Olson-Whitefeather driven to build a legacy of advocacy, leadership

· 3 min read

Olson-Whitefeather driven to build a legacy of advocacy, leadership

For the graduation ceremony, Nasia is wearing a traditional medicine skirt to express her Indigenous pride.
Craig Chandler | University Communication and Marketing
For the graduation ceremony, Nasia is wearing a traditional medicine skirt to express her Indigenous pride.

Nasia Olson-Whitefeather has become a leader who never settles for being passively involved.

Through her various leadership roles within the multicultural sorority Delta Xi Nu, as president of UNITE (University of Nebraska–Lincoln Intertribal Exchange), and in her ongoing advocacy for Indigenous students at the university, Olson-Whitefeather aimed to amplify the voices of those around her — a practice she views as key to effective leadership.

“I always work hard to make sure that everybody gets heard — if I’m in a leadership position, I can be a megaphone for people that need to speak or don’t always feel comfortable speaking,” Olson-Whitefeather said. “It’s usually the quiet people who have the best ideas.”

And although she is graduating Dec. 17 with degrees in criminal justice and criminology and child, youth and family studies, she is already finding ways to continue to support and give voice to those who need it most in her new role as a direct care provider at the Youth Services Center in Lincoln. There, Olson-Whitefeather guides young people through especially challenging circumstances.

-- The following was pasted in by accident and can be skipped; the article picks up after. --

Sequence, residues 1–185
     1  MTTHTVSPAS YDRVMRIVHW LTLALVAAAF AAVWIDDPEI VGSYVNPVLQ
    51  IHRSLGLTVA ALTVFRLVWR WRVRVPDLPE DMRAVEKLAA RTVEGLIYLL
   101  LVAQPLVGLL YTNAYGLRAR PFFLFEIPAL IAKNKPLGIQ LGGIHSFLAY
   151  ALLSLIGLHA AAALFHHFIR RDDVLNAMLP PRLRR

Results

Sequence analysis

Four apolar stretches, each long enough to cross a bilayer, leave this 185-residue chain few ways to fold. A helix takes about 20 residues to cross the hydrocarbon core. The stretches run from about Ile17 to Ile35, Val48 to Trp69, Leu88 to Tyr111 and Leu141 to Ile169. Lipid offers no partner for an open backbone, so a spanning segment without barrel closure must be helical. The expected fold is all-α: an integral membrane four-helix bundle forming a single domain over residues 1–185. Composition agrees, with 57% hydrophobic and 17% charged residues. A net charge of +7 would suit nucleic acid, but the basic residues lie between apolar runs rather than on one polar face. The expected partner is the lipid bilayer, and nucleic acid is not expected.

“Growing up the oldest in a single-parent home, I think I naturally feel like a mother bear over young people who feel lost,” she said. “I want to flip the narrative they have of feeling like there’s nobody there for them.”

Her “mother bear” instincts extend to her fellow UNITE members at Nebraska, where she has implored them to take up her mantle of advocacy for resources for Indigenous students on campus.

“I want to encourage my UNITE members to speak up and advocate for themselves now that I’m graduating — if you feel like something’s not right, you can speak up and do what you need to do,” she said.

Olson-Whitefeather is grateful for how her time at the university has helped her come into her own as a leader, and noted that her various leadership roles have allowed her to grow comfortable with being an advocate.

“Coming from an Indigenous home, I know that people don’t always tend to listen to what we have to say,” she said. “Being here at the university has made me more resilient and better able to express myself in a way that people will listen.”

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